Leaseholders ask for funding amid COVID-19 outbreak
A JOINT statement from cladding action groups made up of leaseholders from across the UK have called on the government to help fund interim safety measures during the COVID-19 pandemic.
Inside Housing reported on the statement from the Birmingham Leasehold Action Group, the Leeds Cladding Scandal group, Manchester Cladiators and the UK Cladding Action Group, which called on the government to ‘provide support with the cost of interim safety measures’ as the pandemic ‘mounts’. It called for government assistance with the cost of waking watches, which can cost up to £1,000 per month per flat.
While waking watches, undertaken by fire wardens, are a ‘mandatory requirement’ of many fire authorities ‘to keep buildings occupied’, the cost of keeping them in place is met by leaseholders ‘in many private sector buildings’, and with more people self isolating, working from home or losing their jobs as a result of the pandemic, ‘the costs will become even less bearable’.
The news outlet also pointed out that waking watch costs are added to ‘soaring’ insurance premiums for many buildings, ‘neither of which are covered’ by the government’s £1bn extra funding announced in last week’s budget – which is limited to funding the removal of cladding. With estimates that there are ‘hundreds of buildings across the country with waking watches in place’, over 300 buildings having aluminium composite material cladding and hundreds more have other combustible materials.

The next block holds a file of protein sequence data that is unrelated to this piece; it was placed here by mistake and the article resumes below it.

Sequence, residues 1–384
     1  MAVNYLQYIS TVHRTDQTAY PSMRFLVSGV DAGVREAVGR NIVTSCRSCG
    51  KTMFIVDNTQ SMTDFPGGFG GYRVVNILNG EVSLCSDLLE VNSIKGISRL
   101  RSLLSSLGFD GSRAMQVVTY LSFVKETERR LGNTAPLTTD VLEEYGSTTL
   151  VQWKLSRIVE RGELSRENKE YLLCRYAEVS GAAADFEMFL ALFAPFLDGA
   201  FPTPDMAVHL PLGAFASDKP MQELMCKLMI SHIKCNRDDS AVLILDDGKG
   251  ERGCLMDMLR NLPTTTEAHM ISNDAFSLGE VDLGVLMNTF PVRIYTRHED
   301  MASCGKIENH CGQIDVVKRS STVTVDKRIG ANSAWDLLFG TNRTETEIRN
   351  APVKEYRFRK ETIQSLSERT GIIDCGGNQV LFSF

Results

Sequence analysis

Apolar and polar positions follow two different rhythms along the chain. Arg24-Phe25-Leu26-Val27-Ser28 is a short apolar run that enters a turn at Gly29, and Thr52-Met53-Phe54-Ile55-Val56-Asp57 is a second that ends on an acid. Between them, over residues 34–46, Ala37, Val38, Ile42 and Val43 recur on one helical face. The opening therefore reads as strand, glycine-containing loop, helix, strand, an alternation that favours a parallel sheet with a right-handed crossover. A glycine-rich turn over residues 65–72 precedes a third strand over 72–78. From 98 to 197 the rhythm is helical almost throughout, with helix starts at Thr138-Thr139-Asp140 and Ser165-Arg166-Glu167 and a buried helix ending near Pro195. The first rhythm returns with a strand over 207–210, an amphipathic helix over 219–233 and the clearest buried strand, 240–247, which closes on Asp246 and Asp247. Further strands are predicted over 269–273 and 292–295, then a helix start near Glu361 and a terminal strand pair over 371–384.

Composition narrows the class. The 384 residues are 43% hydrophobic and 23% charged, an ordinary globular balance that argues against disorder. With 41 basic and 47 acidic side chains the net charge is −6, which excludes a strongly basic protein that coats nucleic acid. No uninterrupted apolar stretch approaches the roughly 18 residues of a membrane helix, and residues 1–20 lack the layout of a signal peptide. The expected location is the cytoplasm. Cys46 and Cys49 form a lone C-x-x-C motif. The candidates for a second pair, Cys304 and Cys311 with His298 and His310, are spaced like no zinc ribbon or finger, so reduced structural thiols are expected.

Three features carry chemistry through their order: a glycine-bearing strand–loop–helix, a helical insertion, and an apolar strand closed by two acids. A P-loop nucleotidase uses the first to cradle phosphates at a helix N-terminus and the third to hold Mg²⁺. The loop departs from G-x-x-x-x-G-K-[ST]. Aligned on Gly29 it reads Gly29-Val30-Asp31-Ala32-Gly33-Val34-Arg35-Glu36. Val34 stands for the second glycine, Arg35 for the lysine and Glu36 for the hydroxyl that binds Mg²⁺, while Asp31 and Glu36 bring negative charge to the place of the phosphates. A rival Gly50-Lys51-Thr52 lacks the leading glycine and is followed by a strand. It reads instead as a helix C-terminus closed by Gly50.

The joint statement read: ‘The COVID-19 outbreak is the biggest public health challenge for a generation. We acknowledge the huge strain this rapidly changing crisis will place on government and the number of people who will require support as a result of it. Nonetheless, the situation is particularly critical for many leaseholders in buildings with dangerous cladding.
‘The huge additional and ongoing costs that many leaseholders have to pay as a result of living in dangerous cladding blocks means they face an impossible decision about work and self-isolation. No income means no ability to pay for the waking watch the building needs for them to stay in that building.
‘As these costs are not currently within the scope of the £1bn fund announced at last week’s Budget, additional help is urgently required. For us, self-isolating means returning to a building which is a potential death trap. With many more people working at home or not able to work at all, they will be spending much more time in buildings where there are grave concerns about safety.’